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wedding photography
Photography Awards

Best Wedding Album
in New England 2006

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Blue Ribbon Album Award
in New England 2006

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Most Artistic Candid Wedding Album
in MA 2006

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1. Why should I hire a professional photographer for my wedding?
2. When I work with a professional, what am I paying for?
3. I’ve never hired a professional photographer before. How should I go about it and what should I be looking for?
4. How can I look and feel my best on my wedding day?

5. Who owns the negatives and the rights to the images?
6. What if I want a high resolution CD?
7. I’m thinking about doing my own album.
Do I have the time and commitment the to start and finish my album, or am I only dreaming?

8. What's the difference between the prints I get from my one-hour or online lab and professionally made prints?

1. Why should I hire a professional photographer for my wedding?
If you’re like most couples, you’ve been experiencing “sticker shock” as you’ve begun shopping for your wedding vendors. Everything costs so much more than you thought it would. Maybe you’re thinking about cutting corners with some of your vendors, like your photographer.

Think about it. Years from now, your flowers and favors and cake will be long gone, but your wedding photos will be handed down to your children and grandchildren. Your wedding cannot be repeated, and you and your family will never again be together in the way you are today. Why would you risk your precious memories to anyone other than a seasoned professional photographer?

It seems like everyone has a digital camera these days. The result is that more people are taking bad pictures than ever before. Some owners of high-end digital cameras (and there are more and more of them as camera prices continue to drop) call themselves professionals. Many of them moonlight on the weekend. But have you wondered what their commitment is to creating excellent images? Have you wondered what their long-term commitment would be to you?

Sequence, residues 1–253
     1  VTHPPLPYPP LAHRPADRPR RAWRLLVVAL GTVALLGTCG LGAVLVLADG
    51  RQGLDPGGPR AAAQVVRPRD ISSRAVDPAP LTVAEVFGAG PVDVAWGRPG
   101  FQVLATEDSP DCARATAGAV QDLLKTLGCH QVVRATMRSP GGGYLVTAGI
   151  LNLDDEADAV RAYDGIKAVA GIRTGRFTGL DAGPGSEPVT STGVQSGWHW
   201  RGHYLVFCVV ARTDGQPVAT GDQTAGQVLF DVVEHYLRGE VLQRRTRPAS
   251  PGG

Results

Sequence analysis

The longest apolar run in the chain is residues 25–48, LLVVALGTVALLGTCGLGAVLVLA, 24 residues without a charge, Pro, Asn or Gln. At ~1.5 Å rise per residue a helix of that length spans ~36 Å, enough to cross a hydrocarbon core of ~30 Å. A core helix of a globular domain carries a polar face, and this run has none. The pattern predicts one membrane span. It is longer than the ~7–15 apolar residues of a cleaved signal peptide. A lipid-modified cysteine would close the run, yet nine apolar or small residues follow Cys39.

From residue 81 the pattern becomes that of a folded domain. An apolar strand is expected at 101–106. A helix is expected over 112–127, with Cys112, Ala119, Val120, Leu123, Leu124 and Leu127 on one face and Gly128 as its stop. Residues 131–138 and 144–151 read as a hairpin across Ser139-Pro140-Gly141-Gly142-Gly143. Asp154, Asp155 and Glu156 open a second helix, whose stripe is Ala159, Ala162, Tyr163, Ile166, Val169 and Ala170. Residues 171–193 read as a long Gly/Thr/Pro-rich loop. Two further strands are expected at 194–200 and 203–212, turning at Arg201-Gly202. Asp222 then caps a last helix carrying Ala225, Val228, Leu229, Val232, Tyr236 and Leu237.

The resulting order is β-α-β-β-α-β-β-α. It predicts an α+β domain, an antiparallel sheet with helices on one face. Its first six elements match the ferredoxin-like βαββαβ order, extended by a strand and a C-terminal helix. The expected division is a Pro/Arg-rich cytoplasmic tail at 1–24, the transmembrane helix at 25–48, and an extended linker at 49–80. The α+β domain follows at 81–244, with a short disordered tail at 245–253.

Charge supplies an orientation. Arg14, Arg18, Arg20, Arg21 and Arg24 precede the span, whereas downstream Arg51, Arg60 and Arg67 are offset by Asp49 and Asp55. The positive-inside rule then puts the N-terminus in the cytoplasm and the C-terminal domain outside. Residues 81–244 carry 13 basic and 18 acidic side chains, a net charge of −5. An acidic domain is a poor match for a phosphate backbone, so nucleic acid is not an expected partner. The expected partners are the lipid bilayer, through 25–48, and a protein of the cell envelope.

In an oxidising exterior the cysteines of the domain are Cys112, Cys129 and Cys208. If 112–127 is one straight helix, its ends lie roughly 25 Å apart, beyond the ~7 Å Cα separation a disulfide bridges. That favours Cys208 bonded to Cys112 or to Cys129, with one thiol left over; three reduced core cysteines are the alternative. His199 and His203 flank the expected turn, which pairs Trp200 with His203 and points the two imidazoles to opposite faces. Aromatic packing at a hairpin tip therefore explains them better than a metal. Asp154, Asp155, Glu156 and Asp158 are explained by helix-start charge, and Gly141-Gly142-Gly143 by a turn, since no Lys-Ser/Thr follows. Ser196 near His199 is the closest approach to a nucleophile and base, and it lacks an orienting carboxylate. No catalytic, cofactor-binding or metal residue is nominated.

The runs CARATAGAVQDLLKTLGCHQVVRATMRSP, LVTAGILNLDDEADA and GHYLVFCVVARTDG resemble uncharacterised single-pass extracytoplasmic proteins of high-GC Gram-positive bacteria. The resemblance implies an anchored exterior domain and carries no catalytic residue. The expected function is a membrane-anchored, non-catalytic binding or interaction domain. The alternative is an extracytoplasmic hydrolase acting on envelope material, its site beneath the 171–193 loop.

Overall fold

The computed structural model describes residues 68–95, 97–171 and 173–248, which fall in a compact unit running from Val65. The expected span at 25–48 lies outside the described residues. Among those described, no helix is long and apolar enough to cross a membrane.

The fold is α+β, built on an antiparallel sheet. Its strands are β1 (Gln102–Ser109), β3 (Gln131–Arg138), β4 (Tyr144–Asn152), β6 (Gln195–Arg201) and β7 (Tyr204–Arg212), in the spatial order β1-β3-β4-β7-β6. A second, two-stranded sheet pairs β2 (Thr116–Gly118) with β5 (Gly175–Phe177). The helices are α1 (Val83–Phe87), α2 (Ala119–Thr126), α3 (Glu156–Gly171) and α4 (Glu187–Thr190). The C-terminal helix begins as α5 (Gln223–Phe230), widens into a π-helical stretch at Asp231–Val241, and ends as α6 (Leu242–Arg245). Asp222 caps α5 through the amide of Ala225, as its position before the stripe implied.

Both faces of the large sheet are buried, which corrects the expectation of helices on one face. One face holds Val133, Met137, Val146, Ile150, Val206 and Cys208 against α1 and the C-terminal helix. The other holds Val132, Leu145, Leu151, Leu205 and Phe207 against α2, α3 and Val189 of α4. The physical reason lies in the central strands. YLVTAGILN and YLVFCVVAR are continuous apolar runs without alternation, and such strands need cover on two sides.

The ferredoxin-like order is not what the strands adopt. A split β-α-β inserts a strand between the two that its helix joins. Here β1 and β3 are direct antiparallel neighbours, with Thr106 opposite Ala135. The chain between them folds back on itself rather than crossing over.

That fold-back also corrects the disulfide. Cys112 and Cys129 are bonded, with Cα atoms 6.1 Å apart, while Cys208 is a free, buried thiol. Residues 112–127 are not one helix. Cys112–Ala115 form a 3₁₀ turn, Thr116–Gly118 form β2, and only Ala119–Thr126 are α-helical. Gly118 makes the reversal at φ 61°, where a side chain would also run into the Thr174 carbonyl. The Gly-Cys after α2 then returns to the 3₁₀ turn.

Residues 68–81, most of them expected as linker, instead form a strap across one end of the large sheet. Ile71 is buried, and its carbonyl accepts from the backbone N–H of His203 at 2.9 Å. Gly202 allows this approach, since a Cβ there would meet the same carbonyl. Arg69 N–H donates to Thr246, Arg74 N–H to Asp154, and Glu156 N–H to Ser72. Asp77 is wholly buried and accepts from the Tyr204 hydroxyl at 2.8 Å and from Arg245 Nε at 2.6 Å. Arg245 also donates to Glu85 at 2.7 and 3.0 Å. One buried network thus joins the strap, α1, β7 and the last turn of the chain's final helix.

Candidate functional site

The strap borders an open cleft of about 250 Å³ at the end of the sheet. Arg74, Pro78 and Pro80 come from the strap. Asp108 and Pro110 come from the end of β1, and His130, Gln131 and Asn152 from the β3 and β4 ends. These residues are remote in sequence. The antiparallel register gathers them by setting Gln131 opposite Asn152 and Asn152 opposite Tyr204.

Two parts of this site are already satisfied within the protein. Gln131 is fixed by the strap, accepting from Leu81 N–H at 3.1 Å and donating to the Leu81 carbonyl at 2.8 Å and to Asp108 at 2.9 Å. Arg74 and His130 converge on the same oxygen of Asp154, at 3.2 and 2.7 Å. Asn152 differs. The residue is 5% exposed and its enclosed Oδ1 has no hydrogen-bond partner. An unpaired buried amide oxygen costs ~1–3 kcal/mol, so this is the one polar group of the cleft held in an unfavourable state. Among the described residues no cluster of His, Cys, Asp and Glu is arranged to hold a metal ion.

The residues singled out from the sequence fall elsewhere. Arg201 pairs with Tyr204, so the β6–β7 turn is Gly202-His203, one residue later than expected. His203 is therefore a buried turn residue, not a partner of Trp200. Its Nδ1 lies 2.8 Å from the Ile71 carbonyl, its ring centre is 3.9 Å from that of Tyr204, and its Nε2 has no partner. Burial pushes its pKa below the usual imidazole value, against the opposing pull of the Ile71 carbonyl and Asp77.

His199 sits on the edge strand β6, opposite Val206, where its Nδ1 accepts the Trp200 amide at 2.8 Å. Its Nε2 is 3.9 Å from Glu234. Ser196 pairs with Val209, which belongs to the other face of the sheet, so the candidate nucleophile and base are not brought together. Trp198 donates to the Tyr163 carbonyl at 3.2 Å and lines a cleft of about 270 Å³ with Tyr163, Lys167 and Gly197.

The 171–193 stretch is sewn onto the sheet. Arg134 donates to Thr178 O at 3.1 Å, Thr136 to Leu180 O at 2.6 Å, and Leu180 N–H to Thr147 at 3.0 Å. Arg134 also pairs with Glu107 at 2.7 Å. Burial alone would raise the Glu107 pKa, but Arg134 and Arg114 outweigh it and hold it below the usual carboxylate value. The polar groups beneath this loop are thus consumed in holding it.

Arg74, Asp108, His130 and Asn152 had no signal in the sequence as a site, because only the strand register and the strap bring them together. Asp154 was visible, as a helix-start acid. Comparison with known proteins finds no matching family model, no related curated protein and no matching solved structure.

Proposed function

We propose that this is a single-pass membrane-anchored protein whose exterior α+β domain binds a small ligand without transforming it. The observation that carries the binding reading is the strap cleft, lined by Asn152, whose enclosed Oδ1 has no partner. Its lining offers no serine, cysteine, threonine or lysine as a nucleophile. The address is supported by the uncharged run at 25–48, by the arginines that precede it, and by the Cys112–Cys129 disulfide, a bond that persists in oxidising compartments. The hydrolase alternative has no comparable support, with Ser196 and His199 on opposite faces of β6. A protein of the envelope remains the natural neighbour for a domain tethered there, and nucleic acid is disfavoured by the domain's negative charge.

2. When I work with a professional, what am I paying for?

When you hire a professional photographer, you are generally paying for the following services:

  • Creative fee
    When you work with Carol, you’re paying for her artistic talent and time in creating the body of work that is the raw material for your finished album or prints. You’re also paying for her experience and expertise. She is a seasoned professional.

  • Preparation and post production services
    For each hour she spends with you on location at your event or portrait session, Carol spends three to four hours in preparation and post-production services for you. Among other professional services she performs for you, she downloads and backs up your images with multiple copies on multiple media in multiple locations, she edits the images, color corrects them, renames them, and backs up the final edited set. She then produces and delivers your online proofs, printed proof portfolio, and/or proof CD. Other services may be included in your contract, as well.

  • Finishing the images
    Having received the Court of Honor for Best Wedding Album in New England in both 2005 and 2006, Carol has proven that she is an expert at finishing her work. She takes the raw images and finishes them into beautifully designed one-of-a-kind albums, each a unique piece of art that reflects you and triggers your memories of your most cherished moments.

3. I’ve never hired a professional photographer before. How should I go about it and what should I be looking for?

First, figure out your style. Do you want mostly traditional shots, posed shots, candid/photojournalistic shots, or mix of these styles? If you don’t know how to articulate your style, start by looking through magazines and tearing out images you like. Spread them all out and study them until you see the thread that ties your favorite images together.